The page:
FRANKFORT — A survey currently being conducted seeks information about school working conditions from practicing educators.
From March 1 to March 25, the TELL, Teaching, Empowering, Leading and Learning, survey will be administered to all Kentucky certified educators employed in the state’s 174 school districts. The purpose of the survey is to document and analyze how teachers and other educators view their teaching and learning conditions, so educators, stakeholders and policymakers can make evidence-based decisions on policies and practices that will improve student achievement and teacher retention.
“Teaching conditions are student learning conditions,” Gov. Steve Beshear said. “When we focus on supporting our teachers, our students benefit. This is an opportunity for us to hear directly from those that matter most to our students — the educators in our schools.”
All school-based certified public school teachers and principals will be asked to submit their perceptions on a variety of issues related to student achievement and teacher retention, including the adequacy of facilities and resources; time; empowerment; school leadership; community support; student conduct; professional development; mentoring and induction services; and student learning.
“For the first time in the history of the state, every public school teacher and principal in Kentucky has the opportunity to shape the future of our schools,” Kentucky Education Commissioner Terry Holliday said. “This survey gives teachers and administrators the chance to tell policymakers what they need to do their jobs well. We value the voices of the people who work with the children across the Commonwealth every day in our schools, and this survey will let their voices be heard.”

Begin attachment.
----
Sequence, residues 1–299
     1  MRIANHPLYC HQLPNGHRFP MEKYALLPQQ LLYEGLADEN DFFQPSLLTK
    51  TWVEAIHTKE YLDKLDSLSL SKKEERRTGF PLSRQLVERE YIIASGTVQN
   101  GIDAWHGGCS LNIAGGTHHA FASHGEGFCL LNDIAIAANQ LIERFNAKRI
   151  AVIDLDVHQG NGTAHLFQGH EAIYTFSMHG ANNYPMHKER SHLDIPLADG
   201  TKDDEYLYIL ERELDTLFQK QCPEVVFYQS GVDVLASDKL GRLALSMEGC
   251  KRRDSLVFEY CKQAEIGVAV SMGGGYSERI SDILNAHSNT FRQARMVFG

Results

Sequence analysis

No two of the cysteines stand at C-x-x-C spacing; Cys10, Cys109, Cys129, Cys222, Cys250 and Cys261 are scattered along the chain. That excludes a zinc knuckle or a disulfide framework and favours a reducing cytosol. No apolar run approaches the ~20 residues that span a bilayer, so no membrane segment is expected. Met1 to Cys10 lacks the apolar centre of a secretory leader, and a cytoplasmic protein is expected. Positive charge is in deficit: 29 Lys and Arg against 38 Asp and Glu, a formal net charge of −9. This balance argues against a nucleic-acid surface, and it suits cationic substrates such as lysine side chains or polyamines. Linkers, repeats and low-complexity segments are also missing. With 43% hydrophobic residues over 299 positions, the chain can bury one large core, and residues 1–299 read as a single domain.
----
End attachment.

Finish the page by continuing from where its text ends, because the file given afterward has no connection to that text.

The survey takes approximately 30 minutes to complete, and all responses will remain anonymous.
To encourage large response rates, the Kentucky Education Association, Kentucky Association of School Administrators, Kentucky School Boards Association and Jefferson County Teachers Association are contributing prize money for weekly drawings.
Every school that reaches a 50 percent response rate will be entered into a drawing for $1,000 cash award for the school. Schools that reach a 100 percent response rate will be entered into a drawing for the $1,000 cash award to go to an individual educator. There also will be district-level awards. School and district completion rates will be posted on the TELL Kentucky website after the survey begins.
Results from the teacher responses will be aggregated and reported no later than June 1. These reports will be a compilation of educator responses to all questions and will be presented as bar charts and in Excel format for the school (if at least 50 percent of educators respond), district and state.
For more information about the 2011 TELL Kentucky survey and to track individual response rates for every school, visit www.tellkentucky.org.